Your Guide to Hiking Near Lexington and KY by Difficulty
Summer fun in Kentucky
Use our recreation guide to plan your summer of hiking, biking, swimming, and more in Kentucky.
Whether you’re a first-time hiker or a seasoned adventurer ready to hit some quirky trails, we’ve got you covered with these top hiking trails, all within day-trip distance of Lexington.
Between state parks and nature preserves, National Park Service amenities, and private offerings, hundreds of miles of trails await you in Kentucky.
If we forgot any that you’d like us to add, be sure to fill out our Know Your Kentucky form at the end of this guide.
We’ve grouped the suggestions by level of difficulty, but please consider your personal mobility and other factors, such as the weather.
Easy Walks & Trail Deals Near Lexington
The Pinnacles of Berea
Don’t miss the incredible views of West Pinnacle, Buzzard’s Roost, East Pinnacle and Eagle’s Nest. East Pinnacle is recommended for beginners.
Jessamine Creek Gorge Reserve
This trail offers the best views when the leaves are not out, but still offers good wildflowers from spring to fall. Don’t miss its views of the Kentucky River Palisades in winter. Overstreet Creek also offers a nice view.
If you’ve ever closed your eyes to imagine a babbling stream with gentle cascades and quiet forest pools, this is pretty close.
Trail length: 2.1 miles
Cove Spring Park, Frankfurt
Half-park, half-nature reserve, Cove Spring is ideal for beginners who are looking to immerse themselves in hiking while enjoying spectacular, natural views.
A lot of the paths are paved, low in elevation and are on the shorter side, but still offer plenty of sites. There are approximately 240 acres of wetlands, streams, springs, waterfalls, wooded ravines, and other natural and historic features here.
Total trail length: 3 miles
Moderate Hikes near Lexington, KY
Kentucky River View Loop, Raven Run
Views of the Kentucky River Palisades – those impressive limestone cliffs and outcrops who travel about 100 miles — the effort is worth it.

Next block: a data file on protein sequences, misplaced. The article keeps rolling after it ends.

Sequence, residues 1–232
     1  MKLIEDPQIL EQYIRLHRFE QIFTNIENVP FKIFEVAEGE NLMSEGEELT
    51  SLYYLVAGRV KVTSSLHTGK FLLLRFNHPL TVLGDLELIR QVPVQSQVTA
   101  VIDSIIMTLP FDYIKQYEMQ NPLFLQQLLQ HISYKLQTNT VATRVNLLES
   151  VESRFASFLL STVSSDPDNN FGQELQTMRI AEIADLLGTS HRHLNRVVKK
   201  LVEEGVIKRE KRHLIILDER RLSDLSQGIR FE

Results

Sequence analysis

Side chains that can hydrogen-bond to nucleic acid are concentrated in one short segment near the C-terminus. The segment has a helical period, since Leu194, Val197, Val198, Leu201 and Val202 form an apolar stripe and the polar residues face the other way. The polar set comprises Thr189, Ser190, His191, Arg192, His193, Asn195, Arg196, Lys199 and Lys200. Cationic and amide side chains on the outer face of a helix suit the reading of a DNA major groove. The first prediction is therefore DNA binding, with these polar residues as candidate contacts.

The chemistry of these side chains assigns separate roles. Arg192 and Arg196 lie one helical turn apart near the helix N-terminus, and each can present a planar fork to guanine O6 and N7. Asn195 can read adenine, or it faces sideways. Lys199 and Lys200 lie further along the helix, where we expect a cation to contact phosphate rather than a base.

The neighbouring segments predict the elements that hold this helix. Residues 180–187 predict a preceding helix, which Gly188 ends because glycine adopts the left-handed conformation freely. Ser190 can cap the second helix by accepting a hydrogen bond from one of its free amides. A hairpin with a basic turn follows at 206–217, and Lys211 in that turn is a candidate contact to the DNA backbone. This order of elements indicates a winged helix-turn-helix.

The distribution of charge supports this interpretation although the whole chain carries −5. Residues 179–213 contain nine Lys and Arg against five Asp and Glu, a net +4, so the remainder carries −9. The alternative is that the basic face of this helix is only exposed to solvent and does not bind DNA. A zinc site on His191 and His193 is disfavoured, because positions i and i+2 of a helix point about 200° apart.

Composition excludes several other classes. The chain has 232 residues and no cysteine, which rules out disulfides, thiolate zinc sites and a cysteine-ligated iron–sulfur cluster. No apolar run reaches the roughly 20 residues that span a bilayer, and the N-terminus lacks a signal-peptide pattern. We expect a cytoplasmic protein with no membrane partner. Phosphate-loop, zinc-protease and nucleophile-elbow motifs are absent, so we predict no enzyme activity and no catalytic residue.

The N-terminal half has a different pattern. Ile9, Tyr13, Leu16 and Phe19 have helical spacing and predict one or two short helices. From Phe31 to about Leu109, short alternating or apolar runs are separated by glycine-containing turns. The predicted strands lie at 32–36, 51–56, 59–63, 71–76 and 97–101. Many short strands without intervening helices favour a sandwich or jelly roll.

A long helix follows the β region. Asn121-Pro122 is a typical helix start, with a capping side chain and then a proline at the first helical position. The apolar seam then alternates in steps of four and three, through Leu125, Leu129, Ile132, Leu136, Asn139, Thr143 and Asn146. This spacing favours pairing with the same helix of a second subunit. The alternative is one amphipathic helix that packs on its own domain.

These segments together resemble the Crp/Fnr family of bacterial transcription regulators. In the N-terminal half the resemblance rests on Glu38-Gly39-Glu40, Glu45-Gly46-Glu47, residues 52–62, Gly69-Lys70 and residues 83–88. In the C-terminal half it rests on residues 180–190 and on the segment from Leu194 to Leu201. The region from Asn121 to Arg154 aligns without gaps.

Don’t miss Evans Mill. The site of an old grist mill at Raven Run dating back to the 1830s was established by Peter Evans. Raven Run Creek was then dammed and the water fed the mill, which was used by area farmers to grind their corn.
Trail length: 2 miles round trip
John Holder Trail
Considered a moderate hike, this trail in winchester is named after an enterprising Kentucky settler who called this place home. Colonel John Holder was a defender of Fort Boonesborough, which was besieged in 1778 during the Revolutionary War by the chief of the British-allied Shawnee tribe, Blackfish. After the war, Holder established a settlement at the mouth of Lower Howard’s Creek.
“Its landing on the Kentucky River has become a major departure point for flatboats bound for New Orleans with Kentucky produce,” according to the trail’s webpage.
This is the only part of Lower Howard’s Creek Nature and Heritage Preserve that is open to the public. Don’t miss beer cheese Restaurant Lobby, which is right next to the John Holder trailhead at 1225 Athens Boonesboro Road in Winchester.
Trail length: 2.8 km round trip
Harder hikes near Lexington, KY
Sheltowee Trace National Recreation Trail
For the more experienced hiker who doesn’t let adventure get you down, we recommend the various branch loops from Sheltowee Tracewhich is currently traveling about 340 miles in Tennessee.
Old, forgotten farmhouses and oil and gas wells provide windows into Eastern Kentucky’s past. According to a Forest Service trail guide, Sheltowee Trace (pronounced shel-toe-ee) was dedicated in 1979 as part of the Daniel Boone National Forest Trail System. Named after Daniel Boone, it’s a nod to the nickname the Shawnee Blackfish Tribe Chief gave Boone, meaning “big turtle.”
There’s a lot to see on this trail that serves as the backbone of the Daniel Boone National Forest trail system, but don’t miss wood suspension bridge crossing the Red River.
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This story was originally published June 3, 2022 9:47 a.m.